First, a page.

Categories: FLOSS Project Planets

Justin Mayer: Python Development Environment on macOS Sierra and El Capitan

Planet Python - Sat, 2017-04-15 02:00

While installing Python and Virtualenv on macOS Sierra can be done several ways, this tutorial will guide you through the process of configuring a stock Mac system into a solid Python development environment.

First steps

This guide assumes that you have already installed Homebrew. For details, please follow the steps in the macOS Configuration Guide.

Python

We are going to install the latest 2.7.x version of Python via Homebrew. Why bother, you ask, when Apple includes Python along with macOS? Here are some reasons:

  • When using the bundled Python, macOS updates can nuke your Python packages, forcing you to re-install them.
  • As new versions of Python are released, the Python bundled with macOS will become out-of-date. Homebrew always has the most recent version.
  • Apple has made significant changes to its bundled Python, potentially resulting in hidden bugs.
  • Homebrew’s Python includes the latest versions of Pip and Setuptools (Python package management tools)

Along the same lines, the version of OpenSSL that comes with macOS is out-of-date, so we’re going to tell Homebrew to download the latest OpenSSL and compile Python with it.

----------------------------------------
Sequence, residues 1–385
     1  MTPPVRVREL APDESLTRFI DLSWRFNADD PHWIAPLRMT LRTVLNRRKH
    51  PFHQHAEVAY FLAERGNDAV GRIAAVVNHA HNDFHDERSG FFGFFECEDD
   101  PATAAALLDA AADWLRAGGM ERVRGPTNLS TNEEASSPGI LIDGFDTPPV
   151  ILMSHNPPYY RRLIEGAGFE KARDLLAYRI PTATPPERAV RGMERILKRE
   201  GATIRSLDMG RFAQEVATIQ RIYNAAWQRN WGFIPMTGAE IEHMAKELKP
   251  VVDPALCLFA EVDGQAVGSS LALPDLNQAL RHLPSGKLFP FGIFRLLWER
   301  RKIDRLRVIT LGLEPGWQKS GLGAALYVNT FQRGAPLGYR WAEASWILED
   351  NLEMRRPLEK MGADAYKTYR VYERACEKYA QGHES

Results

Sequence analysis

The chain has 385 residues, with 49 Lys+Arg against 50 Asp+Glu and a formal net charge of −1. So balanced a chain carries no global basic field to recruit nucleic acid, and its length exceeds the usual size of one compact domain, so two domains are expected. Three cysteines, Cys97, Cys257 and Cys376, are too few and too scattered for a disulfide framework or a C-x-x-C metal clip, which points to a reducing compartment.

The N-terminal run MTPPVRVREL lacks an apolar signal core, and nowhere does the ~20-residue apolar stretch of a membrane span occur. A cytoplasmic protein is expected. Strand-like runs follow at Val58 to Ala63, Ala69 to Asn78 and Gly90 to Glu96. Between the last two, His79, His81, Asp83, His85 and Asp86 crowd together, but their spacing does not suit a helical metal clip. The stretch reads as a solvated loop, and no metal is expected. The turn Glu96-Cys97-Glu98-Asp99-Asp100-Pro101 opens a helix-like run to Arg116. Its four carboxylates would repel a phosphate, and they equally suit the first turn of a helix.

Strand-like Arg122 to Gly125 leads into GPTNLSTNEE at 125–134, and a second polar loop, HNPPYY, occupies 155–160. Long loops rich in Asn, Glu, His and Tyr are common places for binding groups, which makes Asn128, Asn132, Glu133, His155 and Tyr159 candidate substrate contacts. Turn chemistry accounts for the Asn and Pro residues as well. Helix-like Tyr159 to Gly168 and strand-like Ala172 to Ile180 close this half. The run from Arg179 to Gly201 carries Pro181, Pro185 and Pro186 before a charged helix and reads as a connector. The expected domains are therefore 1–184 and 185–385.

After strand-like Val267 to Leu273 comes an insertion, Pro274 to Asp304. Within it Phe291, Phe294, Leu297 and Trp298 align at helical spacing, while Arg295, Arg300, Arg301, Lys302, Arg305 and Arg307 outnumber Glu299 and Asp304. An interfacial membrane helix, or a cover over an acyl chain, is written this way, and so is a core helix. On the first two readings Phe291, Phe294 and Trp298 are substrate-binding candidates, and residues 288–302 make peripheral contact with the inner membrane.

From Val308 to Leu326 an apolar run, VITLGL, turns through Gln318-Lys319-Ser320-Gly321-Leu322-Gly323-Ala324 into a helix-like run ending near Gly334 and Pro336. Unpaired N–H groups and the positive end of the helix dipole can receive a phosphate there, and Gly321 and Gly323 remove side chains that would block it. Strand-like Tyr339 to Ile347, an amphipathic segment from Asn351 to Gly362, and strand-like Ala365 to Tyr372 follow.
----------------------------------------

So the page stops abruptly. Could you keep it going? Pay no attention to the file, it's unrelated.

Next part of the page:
Use the following command to install Python via Homebrew:

brew install python

You’ve already modified your PATH as mentioned in the macOS Configuration Guide, right? If not, please do so now.

Optionally, we can also install Python 3.x alongside Python 2.x:

brew install python3

… which makes it easy to test your code on both Python 2.x and Python 3.x.

Pip

Let’s say you want to install a Python package, such as the fantastic Virtualenv environment isolation tool. While nearly every Python-related article for macOS tells the reader to install it via sudo pip install virtualenv, the downsides of this method include:

  1. installs with root permissions
  2. installs into the system /Library